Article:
I've been working on taking sentences, converting morphemes into nodes and then having edges connecting the nodes in the different possible syntactically correct orders of a sentence. However, in doing this, the graphs that I create sometimes look like they allow for infinite cycles whereas in fact they do not. For example, I have this graph
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which would seem to imply that there is a cycle $\sigma(V,I,D)$, which does not exist. Is there a way to indicate that only certain paths are possible and that no cycles exist? What I'm trying to show is that $S$ must be the origination and from $S$ you can go to $V$, $I$, or $D$. Then from each of those you can go to the other two in certain orders. The paths I'm trying to graph are as such \begin{align} S \to I \to D \to V \\ S \to I \to V \to D \\ S \to D \to V \to I \\ S \to V \to D \to I \end{align} From the included graph all of those paths can be followed, but other non-existent paths can also be followed. Is there a better way to notate these specific paths within the above graph or is there a different methodology that should be used?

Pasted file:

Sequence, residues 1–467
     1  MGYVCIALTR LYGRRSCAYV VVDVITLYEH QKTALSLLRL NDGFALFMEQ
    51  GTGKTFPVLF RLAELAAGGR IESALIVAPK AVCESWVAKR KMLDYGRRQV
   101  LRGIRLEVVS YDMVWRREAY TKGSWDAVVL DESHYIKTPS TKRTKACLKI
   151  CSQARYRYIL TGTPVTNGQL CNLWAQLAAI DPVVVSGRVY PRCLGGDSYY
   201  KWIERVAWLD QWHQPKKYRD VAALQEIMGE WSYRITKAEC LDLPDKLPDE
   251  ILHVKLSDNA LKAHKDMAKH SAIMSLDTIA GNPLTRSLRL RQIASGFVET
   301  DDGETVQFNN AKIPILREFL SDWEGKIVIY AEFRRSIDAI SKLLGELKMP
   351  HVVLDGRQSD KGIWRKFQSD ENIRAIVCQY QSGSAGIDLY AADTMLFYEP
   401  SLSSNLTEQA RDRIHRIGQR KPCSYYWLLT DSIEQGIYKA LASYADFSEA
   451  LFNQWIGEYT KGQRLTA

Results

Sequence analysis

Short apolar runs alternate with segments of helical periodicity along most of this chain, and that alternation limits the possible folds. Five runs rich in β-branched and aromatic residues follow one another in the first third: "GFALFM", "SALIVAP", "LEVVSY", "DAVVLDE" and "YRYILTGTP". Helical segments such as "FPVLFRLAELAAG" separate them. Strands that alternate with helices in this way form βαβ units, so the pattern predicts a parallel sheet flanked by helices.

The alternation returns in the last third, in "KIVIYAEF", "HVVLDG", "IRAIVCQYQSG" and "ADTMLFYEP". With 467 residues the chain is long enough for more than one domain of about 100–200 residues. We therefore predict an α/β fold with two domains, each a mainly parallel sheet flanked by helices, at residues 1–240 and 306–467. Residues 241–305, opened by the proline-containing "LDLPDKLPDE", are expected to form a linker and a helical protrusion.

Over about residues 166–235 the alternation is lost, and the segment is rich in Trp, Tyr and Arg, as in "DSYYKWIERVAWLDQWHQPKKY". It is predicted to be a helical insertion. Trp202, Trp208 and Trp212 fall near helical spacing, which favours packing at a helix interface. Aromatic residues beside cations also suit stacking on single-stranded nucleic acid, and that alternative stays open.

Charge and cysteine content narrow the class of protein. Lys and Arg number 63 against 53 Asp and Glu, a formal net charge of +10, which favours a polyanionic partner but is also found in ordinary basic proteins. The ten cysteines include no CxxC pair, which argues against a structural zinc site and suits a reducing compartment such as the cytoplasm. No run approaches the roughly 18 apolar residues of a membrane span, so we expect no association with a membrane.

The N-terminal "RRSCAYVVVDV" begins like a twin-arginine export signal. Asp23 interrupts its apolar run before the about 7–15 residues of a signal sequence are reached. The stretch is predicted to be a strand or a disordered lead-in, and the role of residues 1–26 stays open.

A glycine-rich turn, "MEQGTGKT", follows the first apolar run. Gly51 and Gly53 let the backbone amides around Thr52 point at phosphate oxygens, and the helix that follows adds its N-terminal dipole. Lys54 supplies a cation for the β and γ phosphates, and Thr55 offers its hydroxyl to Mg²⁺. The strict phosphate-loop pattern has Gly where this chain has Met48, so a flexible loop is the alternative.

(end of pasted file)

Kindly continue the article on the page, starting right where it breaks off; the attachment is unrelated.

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    $\begingroup$ Presumably the paths are always of length 4. And just to clarify, SVID and SDIV are not allowed? $\endgroup$ – bvy Dec 4 '16 at 18:36
  • $\begingroup$ @bvy The paths are always of length 4. Yes $S\to V\to I\to D$ and $S\to D\to I\to V$ are not allowed. $\endgroup$ – Eli Sadoff Dec 4 '16 at 18:43
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    $\begingroup$ The rules suggest a tree, but you probably don't want multiple vertices representing a single morpheme. I don't see a way to model this with a simple digraph. Perhaps some sort of flow network, but it's not my area of expertise. $\endgroup$ – bvy Dec 4 '16 at 19:24
  • $\begingroup$ Ok but why is $S \to V \to I \to D$ (for example) not allowed? What is the rule? Because as I see it, you are allowed to move from $V \to I$, but only under special circumstances. (agree with bvy that it seems simple digraphs are not the best way to represent) $\endgroup$ – Morgan Rodgers Dec 4 '16 at 19:24
  • $\begingroup$ @MorganRodgers I'm mapping a french grammatical structure. So you can't for example say "J'ai donné à toi ça" because that doesn't follow grammatical rules whereas "J'ai donné ça à toi" does. $\endgroup$ – Eli Sadoff Dec 4 '16 at 19:30

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